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Avoiding cherry picking with continuous deployment

Doug Verhun (75169) | asked Jan 22 '13, 5:33 p.m.
edited Jan 22 '13, 10:23 p.m. by Millard Ellingsworth (2.5k12431)

I'm sure there is a suitable way to deal with this, so just wanted some opinions on the best way.  We currently have a .NET project that has RTC setup with one stream per environment (Dev, QA, UAT, and Prod) using a continuous integration strategy.  Developers are always accepting the latest changes before delivering their code.  As a change is promoted from one env (and stream) to another, the entire code base is compiled into one executable and deployed .  My question is how do I handle leaving out changes that aren't approved, while still elevating changes that are? Ex):

Work item 'A' is put into UAT and approved (app_v1.exe)

Work item 'B' is put into UAT but has failed testing and is reopened (app_v2.exe)

Work item 'C' is in UAT and is approved (app_v3.exe)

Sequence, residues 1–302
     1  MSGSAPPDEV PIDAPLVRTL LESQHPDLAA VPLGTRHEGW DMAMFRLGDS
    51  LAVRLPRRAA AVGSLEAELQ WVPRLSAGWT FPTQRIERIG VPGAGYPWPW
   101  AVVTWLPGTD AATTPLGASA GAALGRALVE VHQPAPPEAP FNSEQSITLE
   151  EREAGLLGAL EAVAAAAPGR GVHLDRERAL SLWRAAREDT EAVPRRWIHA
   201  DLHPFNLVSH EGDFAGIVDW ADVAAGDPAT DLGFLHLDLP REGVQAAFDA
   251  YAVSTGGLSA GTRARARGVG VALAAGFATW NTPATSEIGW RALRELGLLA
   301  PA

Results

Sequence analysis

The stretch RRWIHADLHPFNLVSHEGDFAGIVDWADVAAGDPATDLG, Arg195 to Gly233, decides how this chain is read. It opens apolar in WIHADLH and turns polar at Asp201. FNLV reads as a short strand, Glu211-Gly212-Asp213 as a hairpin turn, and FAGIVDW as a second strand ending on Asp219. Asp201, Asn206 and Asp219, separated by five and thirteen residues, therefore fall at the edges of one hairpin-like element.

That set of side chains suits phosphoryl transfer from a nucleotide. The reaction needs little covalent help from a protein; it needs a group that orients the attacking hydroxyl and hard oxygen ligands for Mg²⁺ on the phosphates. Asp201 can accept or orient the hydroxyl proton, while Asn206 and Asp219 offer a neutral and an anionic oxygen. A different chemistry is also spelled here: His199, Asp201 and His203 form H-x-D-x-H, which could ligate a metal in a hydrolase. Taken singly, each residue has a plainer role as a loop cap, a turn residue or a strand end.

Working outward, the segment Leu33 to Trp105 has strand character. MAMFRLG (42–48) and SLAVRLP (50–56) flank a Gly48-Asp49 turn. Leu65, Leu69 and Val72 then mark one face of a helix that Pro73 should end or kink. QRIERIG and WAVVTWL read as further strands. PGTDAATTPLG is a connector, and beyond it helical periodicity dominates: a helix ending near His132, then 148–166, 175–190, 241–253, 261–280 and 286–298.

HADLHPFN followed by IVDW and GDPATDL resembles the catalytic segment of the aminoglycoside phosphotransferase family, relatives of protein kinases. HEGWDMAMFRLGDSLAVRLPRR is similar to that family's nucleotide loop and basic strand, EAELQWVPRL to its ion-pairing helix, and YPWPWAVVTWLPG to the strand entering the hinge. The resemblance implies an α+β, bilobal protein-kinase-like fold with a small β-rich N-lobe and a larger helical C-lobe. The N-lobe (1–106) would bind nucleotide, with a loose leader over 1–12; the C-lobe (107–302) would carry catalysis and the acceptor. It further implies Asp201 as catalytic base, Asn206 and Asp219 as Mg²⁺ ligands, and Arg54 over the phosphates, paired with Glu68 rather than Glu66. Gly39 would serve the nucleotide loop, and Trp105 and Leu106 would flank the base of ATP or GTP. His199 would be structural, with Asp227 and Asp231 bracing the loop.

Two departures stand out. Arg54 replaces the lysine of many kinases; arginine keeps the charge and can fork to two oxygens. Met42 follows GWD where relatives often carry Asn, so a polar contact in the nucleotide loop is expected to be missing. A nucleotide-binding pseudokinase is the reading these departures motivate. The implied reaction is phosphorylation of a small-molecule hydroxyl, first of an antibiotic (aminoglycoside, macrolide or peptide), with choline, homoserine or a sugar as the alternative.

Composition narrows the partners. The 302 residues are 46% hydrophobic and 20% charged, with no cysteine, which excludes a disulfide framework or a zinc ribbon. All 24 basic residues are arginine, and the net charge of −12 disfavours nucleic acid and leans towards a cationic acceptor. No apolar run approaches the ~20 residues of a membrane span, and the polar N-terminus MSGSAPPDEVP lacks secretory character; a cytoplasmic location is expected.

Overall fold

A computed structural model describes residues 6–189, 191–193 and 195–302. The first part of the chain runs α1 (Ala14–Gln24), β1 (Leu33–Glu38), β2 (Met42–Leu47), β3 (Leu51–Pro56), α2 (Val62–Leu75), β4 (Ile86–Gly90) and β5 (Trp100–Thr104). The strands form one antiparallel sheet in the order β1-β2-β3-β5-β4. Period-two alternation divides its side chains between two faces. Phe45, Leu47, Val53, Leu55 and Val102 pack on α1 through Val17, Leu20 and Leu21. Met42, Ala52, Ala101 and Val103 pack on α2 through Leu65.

How do I promote work item 'A' and 'C' while leaving out 'B' if deployments are done in a 'full code base compile' deployment (meaning app_v3.exe would have changes from work items A, B, and C)?  And how do you account for a scenario where work item 'C' made changes to the same file(s) as work item 'B's?

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Tim Mok (6.6k38) | answered Jan 23 '13, 10:50 a.m.
Currently, you won't be able to deliver the 'C' change sets without the 'B' change sets if the changes build on top of the 'B' change sets. There will be a gap when you try to deliver 'C' without 'B'. - This plan item seems to be the functionality that you want.

The only way to get those changes delivered to the next stream in the pipeline is to create a new change set with just the changes from 'C'. It's not nearly as elegant because it will require merging when the 'B' changes are delivered.
Doug Verhun selected this answer as the correct answer

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